One of the things that struck me when I first took the Surface out of its box was just how solid and durable it felt. Its case is built from VaporMg, a special type of liquid metal that Microsoft created specifically for the device. The material is lightweight, rugged and looks great too. I recently took the Surface Pro on a backpacking trip to Australia and the device held up very well to the abuse of travel. In fact, I never once felt that the tablet was in danger and it returned home without so much of a scratch on it thanks in large part to its VaporMg casing. If you often find yourself carrying your laptop into some demanding and difficult environments, the Surface may be the alternative you are looking for. Chances are it is both tougher and lighter than what you travel with today.

Microsoft Surface Pro
Microsoft

In terms of performance, the Surface Pro is fast and smooth, running Windows 8 exceptionally well. In fact, it feels like the touch-focused OS was made specifically for the tablet incorporating gestures, swipes and taps to accomplish all kinds of different tasks. Windows 8 apps extend the functionality of the device even further but the real strength of the Surface is its ability to run any other piece of Windows software as well. While the iPad and Android tablets are restricted to running only the software available in their respective app stores, the Surface Pro is capable of running off the shelf software that you find anywhere, including a full version of Microsoft Office. This is a huge advantage over other similar devices and one that should not be ignored by those who need to be productive while on the road but still want to carry a compact device.

One of the distinguishing traits of the Surface tablet is its keyboard, of which there are two versions available, both of which also serve as protective covers. The Touch Cover is lightweight, flexible and features soft keys, while the Type Cover is a little thicker and heavier, but has keys that are much closer to what you’d find on a notebook. Both versions lock into place by connecting to a special magnetic port on the bottom of the tablet and when used in conjunction with the Surface’s kickstand, the transformation to a laptop is complete. Both keyboards take a bit of practice to get accustomed to, but after spending a little time with them, I was able to type surprisingly well. My personal preference leaned toward the Type keyboard, which was so easy to adapt to that I almost forgot that I was using a tablet and not a true notebook. Inexplicably, the less expensive Surface RT includes a Touch Cover out of the box but it is an additional purchase with the Surface Pro, raising the price by $120. The Type Cover will set you back $10 more but is well worth it if you intend to do any serious typing on the tablet.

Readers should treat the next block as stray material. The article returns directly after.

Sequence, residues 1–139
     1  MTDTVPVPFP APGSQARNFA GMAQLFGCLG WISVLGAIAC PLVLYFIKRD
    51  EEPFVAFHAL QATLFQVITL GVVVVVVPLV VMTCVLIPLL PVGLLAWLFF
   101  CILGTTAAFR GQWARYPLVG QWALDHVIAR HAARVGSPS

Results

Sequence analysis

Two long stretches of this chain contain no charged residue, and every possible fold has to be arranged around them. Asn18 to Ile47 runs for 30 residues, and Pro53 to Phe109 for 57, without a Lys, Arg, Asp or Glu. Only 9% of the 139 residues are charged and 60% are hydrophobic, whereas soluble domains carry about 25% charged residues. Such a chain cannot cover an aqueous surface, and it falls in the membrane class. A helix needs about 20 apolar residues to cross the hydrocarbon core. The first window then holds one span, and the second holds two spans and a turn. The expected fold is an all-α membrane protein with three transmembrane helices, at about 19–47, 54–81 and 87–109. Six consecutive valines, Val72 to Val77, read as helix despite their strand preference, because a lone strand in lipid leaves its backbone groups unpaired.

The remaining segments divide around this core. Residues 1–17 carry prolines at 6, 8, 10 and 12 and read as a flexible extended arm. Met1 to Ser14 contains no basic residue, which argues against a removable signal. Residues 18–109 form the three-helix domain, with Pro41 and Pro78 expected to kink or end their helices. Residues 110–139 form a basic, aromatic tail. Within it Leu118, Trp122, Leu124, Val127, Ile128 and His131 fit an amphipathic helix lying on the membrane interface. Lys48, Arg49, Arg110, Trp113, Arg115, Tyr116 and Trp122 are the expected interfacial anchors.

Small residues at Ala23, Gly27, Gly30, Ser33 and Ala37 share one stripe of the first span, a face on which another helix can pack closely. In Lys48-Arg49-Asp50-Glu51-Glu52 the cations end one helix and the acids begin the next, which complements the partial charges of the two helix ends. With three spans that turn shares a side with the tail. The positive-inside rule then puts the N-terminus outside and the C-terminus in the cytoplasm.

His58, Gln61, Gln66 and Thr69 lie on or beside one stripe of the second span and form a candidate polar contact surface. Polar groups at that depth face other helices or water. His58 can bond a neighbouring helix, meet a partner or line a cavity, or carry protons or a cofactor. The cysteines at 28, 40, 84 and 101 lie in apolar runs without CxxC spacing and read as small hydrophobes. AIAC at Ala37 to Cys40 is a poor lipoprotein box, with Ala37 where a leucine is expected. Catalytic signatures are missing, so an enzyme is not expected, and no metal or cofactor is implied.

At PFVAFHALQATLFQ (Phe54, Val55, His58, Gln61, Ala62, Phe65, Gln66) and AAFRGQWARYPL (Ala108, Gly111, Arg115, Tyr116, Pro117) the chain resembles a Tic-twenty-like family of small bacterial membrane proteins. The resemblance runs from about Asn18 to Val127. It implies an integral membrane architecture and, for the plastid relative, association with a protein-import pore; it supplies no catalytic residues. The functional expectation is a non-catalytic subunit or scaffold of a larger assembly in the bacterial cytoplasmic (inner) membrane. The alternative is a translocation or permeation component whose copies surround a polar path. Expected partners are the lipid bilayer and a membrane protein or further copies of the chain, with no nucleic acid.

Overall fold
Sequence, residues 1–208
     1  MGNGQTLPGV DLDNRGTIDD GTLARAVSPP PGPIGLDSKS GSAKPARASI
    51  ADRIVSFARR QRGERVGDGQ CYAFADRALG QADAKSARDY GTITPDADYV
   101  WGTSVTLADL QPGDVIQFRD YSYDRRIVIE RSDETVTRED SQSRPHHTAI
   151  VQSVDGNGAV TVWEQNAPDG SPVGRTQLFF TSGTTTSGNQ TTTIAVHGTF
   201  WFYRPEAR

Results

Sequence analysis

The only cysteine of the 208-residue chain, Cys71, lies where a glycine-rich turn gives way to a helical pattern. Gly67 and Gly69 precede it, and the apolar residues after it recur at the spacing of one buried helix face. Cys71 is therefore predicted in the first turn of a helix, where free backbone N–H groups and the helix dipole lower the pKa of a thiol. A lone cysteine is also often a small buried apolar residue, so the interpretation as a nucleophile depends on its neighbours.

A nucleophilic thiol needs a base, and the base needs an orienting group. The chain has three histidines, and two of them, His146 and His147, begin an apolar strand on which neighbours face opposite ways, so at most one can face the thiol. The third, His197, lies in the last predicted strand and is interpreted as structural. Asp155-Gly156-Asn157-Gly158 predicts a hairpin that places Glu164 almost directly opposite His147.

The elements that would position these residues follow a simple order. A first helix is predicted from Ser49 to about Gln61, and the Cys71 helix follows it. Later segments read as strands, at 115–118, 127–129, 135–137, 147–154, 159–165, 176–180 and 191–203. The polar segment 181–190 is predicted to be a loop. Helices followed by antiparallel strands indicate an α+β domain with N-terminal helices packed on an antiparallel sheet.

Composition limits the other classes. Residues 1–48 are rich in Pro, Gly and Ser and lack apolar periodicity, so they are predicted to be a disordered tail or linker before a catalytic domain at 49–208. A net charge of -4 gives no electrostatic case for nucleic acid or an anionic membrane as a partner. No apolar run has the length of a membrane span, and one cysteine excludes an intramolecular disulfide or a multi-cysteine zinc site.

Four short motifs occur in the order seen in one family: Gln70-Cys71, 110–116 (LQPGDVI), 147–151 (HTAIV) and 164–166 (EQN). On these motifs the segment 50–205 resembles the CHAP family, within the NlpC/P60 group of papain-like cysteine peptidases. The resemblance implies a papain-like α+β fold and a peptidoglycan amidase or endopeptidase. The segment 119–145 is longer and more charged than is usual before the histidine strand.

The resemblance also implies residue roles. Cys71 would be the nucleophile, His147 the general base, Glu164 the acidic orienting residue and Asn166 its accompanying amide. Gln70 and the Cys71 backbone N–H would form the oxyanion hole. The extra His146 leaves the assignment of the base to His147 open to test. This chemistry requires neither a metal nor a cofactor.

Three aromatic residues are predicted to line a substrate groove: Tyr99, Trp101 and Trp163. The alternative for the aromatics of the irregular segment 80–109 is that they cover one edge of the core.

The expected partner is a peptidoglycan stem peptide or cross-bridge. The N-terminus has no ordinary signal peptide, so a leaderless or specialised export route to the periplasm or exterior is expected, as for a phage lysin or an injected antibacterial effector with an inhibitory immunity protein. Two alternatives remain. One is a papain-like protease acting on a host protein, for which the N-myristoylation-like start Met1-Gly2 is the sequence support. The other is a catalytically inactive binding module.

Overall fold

The Surface Pro has a few more tricks up its sleeve to help separate it from both the RT model and the competition as well. For instance, it has a built-in Wacom digitizer that works with an included pressure sensitive stylus pen that allows the device to actually recognize the user’s handwriting and convert it to text. It takes a little practice to learn how to use this feature but it can be great for taking notes in meetings or classes. Handwriting recognition has been a part of Microsoft’s tablet operating systems for years and it shows. The feature is robust, mature and surprisingly useful once you actually become accustomed to using it.

My one complaint has to do with the hardware rather than the software. The Surface has a port along its right side that serves the dual purpose of both charging the tablet via the AC adapter and holding the pen in place when it is not being used. Unfortunately that means you can’t have the stylus there at the same time as the device is being charged. I also lost the pen at the bottom of my bag on more than one occasion when it became dislodged from its cradle as I put the Surface away. Fortunately, I haven’t lost the pen altogether, although it seems like it would be easy to do. I would have much preferred a dedicated slot for holding the pen that is more secure.

One of the key features of any decent tablet is great battery life. The iPad is capable of 10+ hours of use out of a single charge and many Android tablets are in the 8-10 hour category as well. The Surface Pro doesn’t come anywhere near that, averaging about 5.5 hours of use in my testing. That isn’t great when you view it simply as a tablet, but if you instead consider it a laptop with some tablet capabilities it puts it more in line with many ultrabooks that are currently on the market. Still, I have to admit that I was a little disappointed that the Surface didn’t perform better in real world battery use. Another 1.5-2 hours would have really made this a killer device on long distance flights. The Surface RT is rated for 8 hours of battery life although I can’t comment on whether or not it actually delivers on that promise.